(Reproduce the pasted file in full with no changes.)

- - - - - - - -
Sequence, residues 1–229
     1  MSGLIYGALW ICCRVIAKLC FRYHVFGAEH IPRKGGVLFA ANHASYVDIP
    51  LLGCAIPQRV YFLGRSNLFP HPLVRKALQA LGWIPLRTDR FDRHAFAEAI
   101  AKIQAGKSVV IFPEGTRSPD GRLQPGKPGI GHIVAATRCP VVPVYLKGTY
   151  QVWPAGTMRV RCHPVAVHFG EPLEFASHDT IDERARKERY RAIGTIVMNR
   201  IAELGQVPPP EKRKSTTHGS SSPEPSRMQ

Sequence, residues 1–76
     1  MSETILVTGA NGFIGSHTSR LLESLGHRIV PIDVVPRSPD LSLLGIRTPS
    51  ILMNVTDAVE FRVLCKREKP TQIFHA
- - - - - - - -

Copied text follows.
Sequence, residues 1–229
     1  MSGLIYGALW ICCRVIAKLC FRYHVFGAEH IPRKGGVLFA ANHASYVDIP
    51  LLGCAIPQRV YFLGRSNLFP HPLVRKALQA LGWIPLRTDR FDRHAFAEAI
   101  AKIQAGKSVV IFPEGTRSPD GRLQPGKPGI GHIVAATRCP VVPVYLKGTY
   151  QVWPAGTMRV RCHPVAVHFG EPLEFASHDT IDERARKERY RAIGTIVMNR
   201  IAELGQVPPP EKRKSTTHGS SSPEPSRMQ

Sequence, residues 1–76
     1  MSETILVTGA NGFIGSHTSR LLESLGHRIV PIDVVPRSPD LSLLGIRTPS
    51  ILMNVTDAVE FRVLCKREKP TQIFHA